Needless to say, while neither pitcher was ever a candidate for the Hall of Fame, Alan Embree will probably never have to work again. Jakie May never stopped working.

Contributing sources:
Raleigh News & Observer, “When baseball really was a game and nothing more,” by Dennis Rogers, October 11, 1994
Jakie May
MLB salary leaders, 1874-2012 (SABR)
Baseball in the 1930s

Special thanks to Kirk Kruger of Raleigh, NC for sending me press clippings about his grandfather, Jakie May.

NOV 22 IN BASEBALL HISTORY-Rod Carew in a runaway

NOVEMBER 22, 1967 | NEW YORK, NEW YORK • Rod Carew ran away with the American League Rookie of the Year award on this date in 1967. Carew would go on to a 19-year Hall of Fame career, mostly with the Minnesota Twins and mostly as a second baseman. He played 5 seasons for the California Angels (now the Los Angeles Angels of Anaheim).

Carew was an all-star every year of his career except his last.

He was named AL Most Valuable Player in 1977 when he hit .388, drove in 100 runs and scored 128. He finished with a lifetime batting average of .328.

Carew was born on a train October 1, 1945 in what was then known as The Panama Canal Zone. When his mother went into labor she was assisted by a doctor by the name of Rodney Cline. In an expression of gratitude, the child was officially named Rodney Cline Carew.

The family emigrated to the United States when Rodney was 14. They settled in the Washington Heights section of New York City.

Contributing sources:
1967 post-season awards


NOVEMBER 20, 1934 | SHIZOUKA, JAPAN – The Japanese equivalent of the “Cy Young” award is called the Sawamura Award largely because of what Eigi Sawamura did on this date in 1023.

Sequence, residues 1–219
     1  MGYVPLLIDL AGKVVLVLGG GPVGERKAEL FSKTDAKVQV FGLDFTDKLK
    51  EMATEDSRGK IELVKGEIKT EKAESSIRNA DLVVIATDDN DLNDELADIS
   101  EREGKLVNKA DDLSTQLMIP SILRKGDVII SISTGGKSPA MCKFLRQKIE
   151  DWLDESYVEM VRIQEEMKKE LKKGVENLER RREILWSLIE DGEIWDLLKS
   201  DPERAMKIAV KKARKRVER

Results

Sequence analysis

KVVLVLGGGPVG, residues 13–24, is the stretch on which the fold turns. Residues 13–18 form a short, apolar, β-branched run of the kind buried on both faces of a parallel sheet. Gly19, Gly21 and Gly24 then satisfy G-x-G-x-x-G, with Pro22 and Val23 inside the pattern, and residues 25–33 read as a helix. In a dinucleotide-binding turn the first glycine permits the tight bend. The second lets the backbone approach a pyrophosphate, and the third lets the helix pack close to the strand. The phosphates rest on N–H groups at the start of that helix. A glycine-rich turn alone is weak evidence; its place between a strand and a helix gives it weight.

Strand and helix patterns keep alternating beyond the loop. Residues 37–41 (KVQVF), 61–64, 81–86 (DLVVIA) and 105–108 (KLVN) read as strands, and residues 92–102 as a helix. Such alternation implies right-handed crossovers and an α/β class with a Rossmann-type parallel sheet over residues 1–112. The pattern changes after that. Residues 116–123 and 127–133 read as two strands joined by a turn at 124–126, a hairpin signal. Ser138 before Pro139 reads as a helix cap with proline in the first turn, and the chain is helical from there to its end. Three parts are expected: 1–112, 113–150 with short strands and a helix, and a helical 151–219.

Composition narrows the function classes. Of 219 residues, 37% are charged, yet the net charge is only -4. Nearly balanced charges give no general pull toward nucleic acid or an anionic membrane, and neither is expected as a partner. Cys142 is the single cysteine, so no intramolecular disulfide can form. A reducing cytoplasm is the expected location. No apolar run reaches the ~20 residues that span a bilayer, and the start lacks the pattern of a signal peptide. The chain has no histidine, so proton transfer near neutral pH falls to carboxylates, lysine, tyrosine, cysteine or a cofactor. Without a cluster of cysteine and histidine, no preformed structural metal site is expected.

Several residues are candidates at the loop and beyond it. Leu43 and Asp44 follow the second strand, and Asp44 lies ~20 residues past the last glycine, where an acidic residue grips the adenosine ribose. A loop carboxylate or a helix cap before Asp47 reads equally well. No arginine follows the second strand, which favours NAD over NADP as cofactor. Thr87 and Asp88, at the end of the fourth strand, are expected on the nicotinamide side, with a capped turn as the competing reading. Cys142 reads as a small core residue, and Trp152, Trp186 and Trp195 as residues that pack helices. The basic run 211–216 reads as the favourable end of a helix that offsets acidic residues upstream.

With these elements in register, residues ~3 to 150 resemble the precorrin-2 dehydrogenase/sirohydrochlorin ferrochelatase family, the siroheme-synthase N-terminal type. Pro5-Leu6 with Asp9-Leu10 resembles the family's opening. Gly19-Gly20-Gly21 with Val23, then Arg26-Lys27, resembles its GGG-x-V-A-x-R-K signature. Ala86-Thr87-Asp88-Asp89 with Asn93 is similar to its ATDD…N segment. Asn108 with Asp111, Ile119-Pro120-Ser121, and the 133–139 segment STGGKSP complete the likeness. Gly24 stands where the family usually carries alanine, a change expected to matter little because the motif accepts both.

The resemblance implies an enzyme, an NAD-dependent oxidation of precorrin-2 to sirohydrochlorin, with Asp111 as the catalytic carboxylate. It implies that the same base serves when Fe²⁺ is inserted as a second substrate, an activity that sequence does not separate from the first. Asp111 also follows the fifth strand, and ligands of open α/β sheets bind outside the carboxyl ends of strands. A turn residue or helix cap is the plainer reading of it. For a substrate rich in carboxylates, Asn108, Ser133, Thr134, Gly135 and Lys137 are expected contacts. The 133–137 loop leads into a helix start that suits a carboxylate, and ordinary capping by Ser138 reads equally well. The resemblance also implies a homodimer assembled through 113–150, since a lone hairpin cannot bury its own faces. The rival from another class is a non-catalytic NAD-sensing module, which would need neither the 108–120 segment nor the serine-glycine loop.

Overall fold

At the age of 17, and still in high school, Sawamura faced a team of American all-stars, several considered to be among the greatest in history – Babe Ruth, Lou Gehrig and Jimmie Foxx. Sawamura entered the game in the fourth, and pitched the rest of the way. In five innings, the teenager gave up just one run on five hits.

The highlight was when he struck out Charlie Gehringer, Babe Ruth, Lou Gehrig and Jimmie Foxx in succession. Though Sawamura took the loss, he provided Japan with a moment of national pride.

Sawamura went on to pitch in Japanese professional baseball. He threw three no-hitters, finishing with a record of 63-22 with a 1.75 ERA,   His career didn’t last long. He was killed during World War II in 1944 when his ship was torpedoed.

After his death, Eiji Sawamura became an icon of Japanese baseball. In 1947, the magazine Nekkyo created the Sawamura Award to honor the best pitcher in Nippon Professional baseball. Twelve years later, he became one of nine initial members of the Ja

On Dec. 2, 1944, an American submarine torpedoed his transport ship near Yakushima Island. Sawamura perished along with many of the vessel’s passengers. The pitcher was 27 years old. He left behind a record of 63 wins, 22 losses, 554 strikeouts and a 1.74 earned run average.

Japanese pitcher could have been an American baseball star but fought America instead
SABR Society of American Baseball Research  

Baseball’s Greatest Sacrifice